Bhakti* always dreamed she was going to become a star. As a young girl, she so desperately wanted to sing and become famous for her voice, she jumped at the chance when a stranger promised to get her work as a singer if she travelled to India with him.
She spent her journey fantasising about her life after winning the Indian Idol but on arriving at her final destination she realised she had been deceived. The man who had promised to make her dreams come true had, in fact, trafficked her and wanted to sell her for sex. Bhakti refused to work – crying and fighting – until finally her trafficker sold her to a brothel owner. She was then kept in a dirty brothel, where she was tortured and forced to work.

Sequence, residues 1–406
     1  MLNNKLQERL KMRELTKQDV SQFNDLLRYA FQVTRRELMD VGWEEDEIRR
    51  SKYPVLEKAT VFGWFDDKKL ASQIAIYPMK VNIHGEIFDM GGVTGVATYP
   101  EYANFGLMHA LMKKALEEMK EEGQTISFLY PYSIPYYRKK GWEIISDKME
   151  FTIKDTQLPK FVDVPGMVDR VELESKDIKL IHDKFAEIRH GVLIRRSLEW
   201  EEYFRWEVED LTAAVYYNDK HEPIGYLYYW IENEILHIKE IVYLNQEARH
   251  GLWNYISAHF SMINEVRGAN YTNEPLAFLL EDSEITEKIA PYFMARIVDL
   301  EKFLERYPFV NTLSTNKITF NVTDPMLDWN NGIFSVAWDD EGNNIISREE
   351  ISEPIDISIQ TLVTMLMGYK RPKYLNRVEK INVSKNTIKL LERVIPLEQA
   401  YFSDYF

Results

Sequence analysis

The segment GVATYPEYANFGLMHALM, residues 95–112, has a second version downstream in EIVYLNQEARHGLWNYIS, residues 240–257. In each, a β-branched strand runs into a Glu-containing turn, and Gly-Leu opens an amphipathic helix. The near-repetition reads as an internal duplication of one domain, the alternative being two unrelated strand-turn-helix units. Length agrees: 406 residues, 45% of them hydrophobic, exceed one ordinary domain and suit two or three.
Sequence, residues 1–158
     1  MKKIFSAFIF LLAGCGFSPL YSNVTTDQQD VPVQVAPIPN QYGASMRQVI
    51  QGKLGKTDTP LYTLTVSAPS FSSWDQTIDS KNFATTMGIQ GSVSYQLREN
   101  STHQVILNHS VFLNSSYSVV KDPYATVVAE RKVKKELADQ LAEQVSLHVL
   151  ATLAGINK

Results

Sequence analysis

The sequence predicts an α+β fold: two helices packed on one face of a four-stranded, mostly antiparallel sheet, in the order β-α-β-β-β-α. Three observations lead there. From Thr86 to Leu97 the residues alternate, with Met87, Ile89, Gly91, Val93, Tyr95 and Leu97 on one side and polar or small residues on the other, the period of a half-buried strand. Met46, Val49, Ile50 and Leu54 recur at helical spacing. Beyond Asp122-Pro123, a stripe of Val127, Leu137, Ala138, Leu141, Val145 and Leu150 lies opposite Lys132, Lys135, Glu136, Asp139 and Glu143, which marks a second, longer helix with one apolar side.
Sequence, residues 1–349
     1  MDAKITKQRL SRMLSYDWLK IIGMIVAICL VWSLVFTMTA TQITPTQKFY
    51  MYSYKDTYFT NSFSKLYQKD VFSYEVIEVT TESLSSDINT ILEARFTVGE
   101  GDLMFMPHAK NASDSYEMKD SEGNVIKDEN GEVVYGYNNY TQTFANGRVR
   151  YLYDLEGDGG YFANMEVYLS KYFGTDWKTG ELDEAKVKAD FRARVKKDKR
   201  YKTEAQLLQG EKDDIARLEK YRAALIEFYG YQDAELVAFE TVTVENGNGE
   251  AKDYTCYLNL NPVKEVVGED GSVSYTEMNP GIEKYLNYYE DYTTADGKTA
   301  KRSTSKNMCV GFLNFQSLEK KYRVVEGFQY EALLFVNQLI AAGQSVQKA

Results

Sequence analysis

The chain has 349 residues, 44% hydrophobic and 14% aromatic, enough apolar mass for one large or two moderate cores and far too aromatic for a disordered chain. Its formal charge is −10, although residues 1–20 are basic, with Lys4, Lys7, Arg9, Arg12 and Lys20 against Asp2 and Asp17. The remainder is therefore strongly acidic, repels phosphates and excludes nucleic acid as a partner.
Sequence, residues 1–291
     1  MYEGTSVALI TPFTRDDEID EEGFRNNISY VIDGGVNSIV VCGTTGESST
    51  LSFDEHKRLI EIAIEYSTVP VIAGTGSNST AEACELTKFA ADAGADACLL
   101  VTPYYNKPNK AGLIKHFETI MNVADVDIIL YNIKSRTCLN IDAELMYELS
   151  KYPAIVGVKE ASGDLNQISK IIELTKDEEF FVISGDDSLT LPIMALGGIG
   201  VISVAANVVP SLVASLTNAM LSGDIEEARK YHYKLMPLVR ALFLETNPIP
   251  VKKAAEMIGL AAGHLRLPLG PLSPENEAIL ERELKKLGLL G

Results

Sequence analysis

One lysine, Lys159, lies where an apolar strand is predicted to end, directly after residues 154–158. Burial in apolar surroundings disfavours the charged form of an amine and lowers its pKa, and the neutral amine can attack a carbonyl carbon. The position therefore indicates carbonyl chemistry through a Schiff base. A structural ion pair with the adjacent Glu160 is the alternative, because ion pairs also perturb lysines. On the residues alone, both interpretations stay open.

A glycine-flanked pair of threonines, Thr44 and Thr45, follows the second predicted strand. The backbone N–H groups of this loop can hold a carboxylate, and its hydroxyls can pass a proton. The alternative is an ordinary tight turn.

A year after being trafficked, Bhakti was rescued in a joint operation by police and Justice and Care and taken to a safe house. Our social workers worked hard to help her get over the trauma of her past with regular counselling and therapy sessions. One day she asked if she could have singing lessons. Staff were overjoyed that she felt motivated to sing again and signed her up for classes. After some lessons, she regained the confidence to sing not only in the shelter but at another NGO programme.
Encouraged and touched by the response she got and the support she had received, Bhakti spoke out about how she had been trafficked on the pretence of gaining a career as a singer. A few months later she was invited on a radio show, where she spoke about her past and the issue of human trafficking.
Bhakti now wants to use her singing as a platform to spread awareness about the crime and its impact.